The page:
Edward F. Younger
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Estate Laws

Estate Laws

 
Virginia Title 64.1 Wills and Decedents' Estates

 

In one form or another, all 50 states and the District of Columbia have enacted laws governing most aspects of estate planning and probate -- legal validity of wills, creation of trusts, the probate process, and more. These laws can fall under various names, often as collections of laws called "codes." The different estate and probate codes that can be found from state to state include "Decedents' Estates," "Trust and Fiduciaries," "Estate Administration," and the "Uniform Probate Code."

State Estate or Death Taxes: Paid by the Estate


A number of states impose estate taxes on any real estate owned by a decedent within the state, and on the personal property of deceased residents of the state. One tax rate may apply to all assets in the estate, or the rate may vary depending upon who receives what property. For example, a state may impose a lower tax rate on property left to a child, as compared with property left to a distant cousin. It is important to note that a few states are in the process of phasing out their estate tax systems.


State Inheritance Taxes: Paid by the Recipient of Property


In states that carry inheritance tax laws, taxes must be paid by the person who receives inherited property (as opposed to estate taxes which are paid from the decedent's estate). Inheritance tax exemptions and rates may vary depending on who received the property, i.e. the decedent's spouse may be taxed at a lower rate than would be a friend of the decedent. A number of states are phasing out their inheritance tax systems.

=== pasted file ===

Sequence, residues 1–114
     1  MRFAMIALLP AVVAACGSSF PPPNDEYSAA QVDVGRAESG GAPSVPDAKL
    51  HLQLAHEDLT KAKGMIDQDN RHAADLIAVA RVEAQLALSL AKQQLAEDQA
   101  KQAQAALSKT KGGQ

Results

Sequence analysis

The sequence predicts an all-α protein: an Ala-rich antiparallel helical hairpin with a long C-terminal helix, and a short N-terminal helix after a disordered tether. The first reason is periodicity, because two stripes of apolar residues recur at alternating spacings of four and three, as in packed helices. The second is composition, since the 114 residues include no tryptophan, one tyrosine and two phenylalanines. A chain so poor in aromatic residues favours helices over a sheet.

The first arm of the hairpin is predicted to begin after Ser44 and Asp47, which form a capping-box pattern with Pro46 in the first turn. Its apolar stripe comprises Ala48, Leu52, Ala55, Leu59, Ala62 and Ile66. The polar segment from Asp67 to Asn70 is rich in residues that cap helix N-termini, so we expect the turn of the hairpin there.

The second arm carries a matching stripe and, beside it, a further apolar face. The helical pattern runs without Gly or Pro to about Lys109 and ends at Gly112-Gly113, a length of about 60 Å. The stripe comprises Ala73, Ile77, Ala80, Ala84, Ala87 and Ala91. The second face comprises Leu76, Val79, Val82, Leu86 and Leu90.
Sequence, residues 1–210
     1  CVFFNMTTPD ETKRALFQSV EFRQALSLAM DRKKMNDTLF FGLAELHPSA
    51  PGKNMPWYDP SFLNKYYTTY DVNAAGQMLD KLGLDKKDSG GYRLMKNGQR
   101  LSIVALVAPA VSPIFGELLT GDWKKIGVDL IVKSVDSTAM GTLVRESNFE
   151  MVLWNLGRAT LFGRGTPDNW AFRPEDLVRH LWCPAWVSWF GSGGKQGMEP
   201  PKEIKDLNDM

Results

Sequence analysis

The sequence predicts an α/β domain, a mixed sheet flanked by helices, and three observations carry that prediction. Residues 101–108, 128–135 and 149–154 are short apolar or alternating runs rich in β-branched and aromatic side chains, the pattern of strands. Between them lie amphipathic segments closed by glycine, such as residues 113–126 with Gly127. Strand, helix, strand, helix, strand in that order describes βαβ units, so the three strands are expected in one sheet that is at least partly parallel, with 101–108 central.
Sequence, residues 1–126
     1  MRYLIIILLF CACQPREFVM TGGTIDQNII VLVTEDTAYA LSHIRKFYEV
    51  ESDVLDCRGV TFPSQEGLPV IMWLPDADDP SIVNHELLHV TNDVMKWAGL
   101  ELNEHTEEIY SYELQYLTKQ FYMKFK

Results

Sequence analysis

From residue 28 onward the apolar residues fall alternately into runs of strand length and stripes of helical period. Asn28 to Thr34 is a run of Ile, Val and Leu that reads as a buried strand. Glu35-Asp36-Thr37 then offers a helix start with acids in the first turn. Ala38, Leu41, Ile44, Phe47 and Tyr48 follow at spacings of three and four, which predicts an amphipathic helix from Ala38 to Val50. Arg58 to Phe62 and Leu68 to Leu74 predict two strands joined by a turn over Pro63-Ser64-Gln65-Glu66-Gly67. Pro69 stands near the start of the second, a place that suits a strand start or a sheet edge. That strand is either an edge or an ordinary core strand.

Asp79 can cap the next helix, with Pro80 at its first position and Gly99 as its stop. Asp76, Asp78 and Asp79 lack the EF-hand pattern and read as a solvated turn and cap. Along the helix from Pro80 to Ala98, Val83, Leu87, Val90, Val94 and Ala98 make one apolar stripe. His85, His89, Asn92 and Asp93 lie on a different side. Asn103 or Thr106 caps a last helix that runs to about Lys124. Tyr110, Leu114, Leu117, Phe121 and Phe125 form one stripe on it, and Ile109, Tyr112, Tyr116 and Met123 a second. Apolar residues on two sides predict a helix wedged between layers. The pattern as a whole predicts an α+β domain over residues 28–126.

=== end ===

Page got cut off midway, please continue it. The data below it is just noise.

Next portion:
"Pickup" Tax


Keep in mind that most states, even if technically carrying estate or inheritance tax laws, in practice follow what is known as a "pickup" system of taxation at the time of the decedent's death. Under this system, while a state tax return must be filed on behalf of the estate (or by a recipient who inherits property), the state's share of the tax comes out of what the estate is already paying the IRS. In other words, in most states no tax will need to be paid beyond the amount that is already being paid to the federal government.

 

Virginia Title 58.1, Chapter 9 Virginia Estate Tax

State Laws: Living Wills

Virginia Advance medical directive requires two witnesses. §54.1-2981 to §54.1-2993

All statutes

 



 

The information on this site is not, nor is it intended to be, legal advice. Please contact us to obtain legal advice pertaining to your situation.